Surrounded by her husband and five of her children, my Grandma Barbara died Friday night. Intellectually, I obviously understand that we all die. I understand, as I look at the many beautiful babies filling my Facebook news-feed, that one story has to end for another to begin. Knowing this doesn't make the pain of closing a beloved story any easier though. Her story was, of course, a significant part of mine. 

I have a gigantic family; I am not exaggerating. I honestly do not know how many cousins I have because there are so many generations in our close-knit family, yet my grandmother never made me feel like a face lost in the crowd of ever-expanding family. This was not because I was more special than the rest; she loved everyone and made sure we all knew it.

She had the sweetest, gentlest voice I ever heard. I do not recall a single time that she raised that voice in anger at me. If she had, I know it still would have sounded as sweet as sugar. 

When I was six-years-old, I lived around the corner from my grandparents. I decided to run away from home, and it was their house I was going to. I just knew she and my grandfather would love to have me! (That darned trash-bag full of toys ripped as I dragged it a full two doors down as my parents watched, and I didn't make it to my destination.)

She loved to cook and bake for her family and remembered the favorites of them all. Growing up, she used to bake me angel food cake and her famous strawberry cake. One of my most cherished memories is when she came to visit me at my home in Texas. She stood in my kitchen and taught me how to make that strawberry cake. I felt like I was inheriting the keys to the kingdom!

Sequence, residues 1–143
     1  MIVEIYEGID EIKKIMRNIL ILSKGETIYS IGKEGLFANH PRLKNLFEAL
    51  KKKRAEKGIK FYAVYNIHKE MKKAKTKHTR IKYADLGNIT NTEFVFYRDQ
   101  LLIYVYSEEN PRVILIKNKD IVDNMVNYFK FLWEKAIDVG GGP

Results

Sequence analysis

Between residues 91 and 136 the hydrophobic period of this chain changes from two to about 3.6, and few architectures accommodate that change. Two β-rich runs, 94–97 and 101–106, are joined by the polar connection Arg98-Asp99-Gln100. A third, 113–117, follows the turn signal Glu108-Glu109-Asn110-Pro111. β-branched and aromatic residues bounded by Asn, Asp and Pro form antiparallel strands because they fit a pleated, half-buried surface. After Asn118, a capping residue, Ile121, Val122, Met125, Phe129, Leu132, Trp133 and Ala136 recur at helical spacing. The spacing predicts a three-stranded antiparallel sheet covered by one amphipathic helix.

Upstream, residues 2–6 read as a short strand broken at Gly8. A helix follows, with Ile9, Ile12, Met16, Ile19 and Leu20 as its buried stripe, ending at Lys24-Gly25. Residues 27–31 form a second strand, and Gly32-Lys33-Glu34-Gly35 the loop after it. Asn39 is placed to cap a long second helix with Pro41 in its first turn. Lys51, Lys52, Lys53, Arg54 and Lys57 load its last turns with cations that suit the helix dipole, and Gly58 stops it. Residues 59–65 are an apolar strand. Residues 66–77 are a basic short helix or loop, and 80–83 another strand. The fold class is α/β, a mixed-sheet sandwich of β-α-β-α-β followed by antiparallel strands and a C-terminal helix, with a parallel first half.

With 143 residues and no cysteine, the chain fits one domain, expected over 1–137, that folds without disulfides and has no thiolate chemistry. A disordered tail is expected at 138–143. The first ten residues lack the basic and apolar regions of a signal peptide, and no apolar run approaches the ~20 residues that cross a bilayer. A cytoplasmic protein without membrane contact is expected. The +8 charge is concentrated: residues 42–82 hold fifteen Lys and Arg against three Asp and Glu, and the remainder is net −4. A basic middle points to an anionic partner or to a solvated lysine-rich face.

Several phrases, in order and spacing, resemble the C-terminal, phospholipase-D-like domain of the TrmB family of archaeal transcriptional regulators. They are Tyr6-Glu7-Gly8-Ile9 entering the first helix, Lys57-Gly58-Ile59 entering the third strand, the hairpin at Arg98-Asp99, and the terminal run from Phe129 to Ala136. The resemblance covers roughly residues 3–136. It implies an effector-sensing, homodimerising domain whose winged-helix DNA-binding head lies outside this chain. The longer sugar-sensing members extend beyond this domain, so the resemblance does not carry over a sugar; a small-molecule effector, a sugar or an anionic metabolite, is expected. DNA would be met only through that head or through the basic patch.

We never had a conversation that didn't include her telling me how proud she and my grandfather were of me. I never doubted that she was genuine. She believed in me; she bought me my first hard-back book, Alice's Adventures in Wonderland, when I was seven years old--a book I still have and cherish. 

She has been ill for quite some time; her death was not a surprise. When it became clear that her death was imminent, my mother was at her bedside. She offered to hold the phone up to her ear so I could say goodbye. I could not do it. I was ashamed of my weakness, but I didn't have the words. It hurt too badly, and I didn't want to accept the fact that this sweet woman who I loved, who I used to spend the night with, who made the best pancakes, who patiently listened to the repeated and long (though interesting) stories of my grandfather, who always had a twinkle in her eye, who loved us all, was truly gone. When I got the phone call on Friday night that her suffering was over, one reason I cried was that I did not say goodbye or take the opportunity, one last time, to tell her that I loved her.

That night I dreamed about her. She came to me, and though I do not remember a word being spoken between us--she smiled at me with that ever-present twinkle in her eye and held my hand. I knew she was telling me it was okay and that she loved me. When I awoke on Saturday morning, I had a tremendous feeling of peace. I know it sounds ridiculous, but I believe that she was with me, comforting me; that is who she was. 

Grandma, you are loved. Thank you for a lifetime of happy memories, delicious food, and love.